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    Portland, OR
    #3
    Re: The future with no clocks.

    Technology Review had an article on asynchronous chips. Apparently Intel made an asynchronous Pentium that ran at twice the speed on half the power, but it took too much work to be practical. Also, if the G7/8 is asynchronous it won't have a MHz/GHz rating. MHz measures the clockspeed and asynchronous chips don't have clocks. The Pentium 4 uses a variation on it, the simple integer ALUs are double clocked because simple integer ops take less time. However, I've read that that the amount of work necessary to clock a big chip like that 2.4 billion times a second eats up about a third of its performance. I don't know how accurate that is.
     
  4. cb911 macrumors 601

    cb911

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    #4
    this all sounds good, especially the bit about Intel going back to the drawing board!:D hopefully this will be the start of the next computer revolution.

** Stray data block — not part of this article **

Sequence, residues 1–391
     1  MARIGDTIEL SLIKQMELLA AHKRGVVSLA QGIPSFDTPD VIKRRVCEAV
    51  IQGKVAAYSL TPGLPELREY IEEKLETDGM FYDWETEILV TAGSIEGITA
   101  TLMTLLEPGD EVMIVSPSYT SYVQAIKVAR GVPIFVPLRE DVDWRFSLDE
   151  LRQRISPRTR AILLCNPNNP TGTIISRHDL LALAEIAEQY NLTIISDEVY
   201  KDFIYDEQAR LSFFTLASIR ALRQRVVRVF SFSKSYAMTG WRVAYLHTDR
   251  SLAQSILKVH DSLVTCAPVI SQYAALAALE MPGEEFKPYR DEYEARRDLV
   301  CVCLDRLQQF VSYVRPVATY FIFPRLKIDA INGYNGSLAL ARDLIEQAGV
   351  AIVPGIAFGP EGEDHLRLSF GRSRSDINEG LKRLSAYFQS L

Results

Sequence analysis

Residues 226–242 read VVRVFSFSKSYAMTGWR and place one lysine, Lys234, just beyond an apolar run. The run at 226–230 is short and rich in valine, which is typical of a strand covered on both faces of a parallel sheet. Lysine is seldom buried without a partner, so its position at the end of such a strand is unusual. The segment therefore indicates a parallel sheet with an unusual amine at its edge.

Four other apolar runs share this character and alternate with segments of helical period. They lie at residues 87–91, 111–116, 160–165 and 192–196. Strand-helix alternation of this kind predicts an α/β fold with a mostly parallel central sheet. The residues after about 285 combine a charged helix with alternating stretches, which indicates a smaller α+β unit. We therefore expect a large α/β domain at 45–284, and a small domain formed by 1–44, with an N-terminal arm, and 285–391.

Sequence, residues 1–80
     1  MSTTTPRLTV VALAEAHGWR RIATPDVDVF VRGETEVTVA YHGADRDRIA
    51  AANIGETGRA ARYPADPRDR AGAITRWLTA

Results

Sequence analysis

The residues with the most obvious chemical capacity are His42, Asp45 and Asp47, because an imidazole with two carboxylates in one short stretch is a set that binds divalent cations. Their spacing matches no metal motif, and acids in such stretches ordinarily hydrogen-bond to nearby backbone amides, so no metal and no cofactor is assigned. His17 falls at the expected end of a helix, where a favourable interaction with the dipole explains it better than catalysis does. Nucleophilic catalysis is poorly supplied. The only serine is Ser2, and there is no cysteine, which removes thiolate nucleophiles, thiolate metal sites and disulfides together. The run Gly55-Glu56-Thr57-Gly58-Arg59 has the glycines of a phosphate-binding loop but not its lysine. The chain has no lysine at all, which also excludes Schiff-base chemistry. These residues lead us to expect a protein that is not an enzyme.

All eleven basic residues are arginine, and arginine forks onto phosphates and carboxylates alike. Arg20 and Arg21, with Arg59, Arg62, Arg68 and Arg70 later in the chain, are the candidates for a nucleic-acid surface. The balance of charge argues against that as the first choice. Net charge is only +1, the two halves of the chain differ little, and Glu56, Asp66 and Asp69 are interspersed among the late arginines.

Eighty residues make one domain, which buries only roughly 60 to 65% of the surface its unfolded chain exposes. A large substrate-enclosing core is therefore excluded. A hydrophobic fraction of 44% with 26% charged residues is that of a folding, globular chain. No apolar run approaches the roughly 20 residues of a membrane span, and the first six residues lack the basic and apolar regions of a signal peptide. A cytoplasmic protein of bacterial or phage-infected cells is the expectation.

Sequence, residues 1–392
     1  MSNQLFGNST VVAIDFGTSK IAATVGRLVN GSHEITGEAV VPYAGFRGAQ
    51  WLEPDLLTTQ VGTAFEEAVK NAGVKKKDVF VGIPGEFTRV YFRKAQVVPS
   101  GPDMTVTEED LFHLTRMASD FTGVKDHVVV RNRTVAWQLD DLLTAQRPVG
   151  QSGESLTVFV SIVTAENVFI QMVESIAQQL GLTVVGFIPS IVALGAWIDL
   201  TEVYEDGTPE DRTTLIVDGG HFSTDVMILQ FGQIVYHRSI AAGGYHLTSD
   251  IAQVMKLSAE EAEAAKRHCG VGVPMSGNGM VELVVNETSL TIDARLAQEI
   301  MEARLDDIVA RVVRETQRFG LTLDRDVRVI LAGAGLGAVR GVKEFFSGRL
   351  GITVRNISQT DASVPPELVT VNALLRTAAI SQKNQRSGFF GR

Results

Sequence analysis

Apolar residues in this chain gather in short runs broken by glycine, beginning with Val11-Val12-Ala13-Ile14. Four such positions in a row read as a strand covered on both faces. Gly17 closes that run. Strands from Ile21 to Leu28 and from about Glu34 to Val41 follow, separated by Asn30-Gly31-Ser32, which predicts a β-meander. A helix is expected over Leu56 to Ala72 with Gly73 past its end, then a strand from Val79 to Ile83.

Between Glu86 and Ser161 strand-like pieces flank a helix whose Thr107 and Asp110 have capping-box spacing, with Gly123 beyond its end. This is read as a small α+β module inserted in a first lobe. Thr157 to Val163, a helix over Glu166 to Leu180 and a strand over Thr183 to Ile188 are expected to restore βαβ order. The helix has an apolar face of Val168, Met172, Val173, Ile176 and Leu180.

5. iGav macrumors G3

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    Mar 9, 2002
    #5
    Judging by Motorola's recent efforts.... they've already forgotten about the clock...:p
     
  6. mac15 macrumors 68040

    mac15

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    Location:
    Sydney
    #6
    or maybe they should buy one to realise how long they take to crank out updates
    but no clock sounds interesting
    I would like to learn more about this
     
  7. gbojim macrumors 6502

    Joined:
    Jan 30, 2002
    #7
    Actually...

    It appears Motorola is already incorporating some of these concepts in the G5. They have not released much technical info about it, but they have been bragging about how the peripheral ports on the G5 chip are connected with this thing they are calling Ocean.

    According to their documentation, Ocean is based on a technology called a crossbar switch. Traditionally, communication between crossbar switch ports has been asynchronous which ties in nicely with the article at osopinion.com.
     
  8. iGav macrumors G3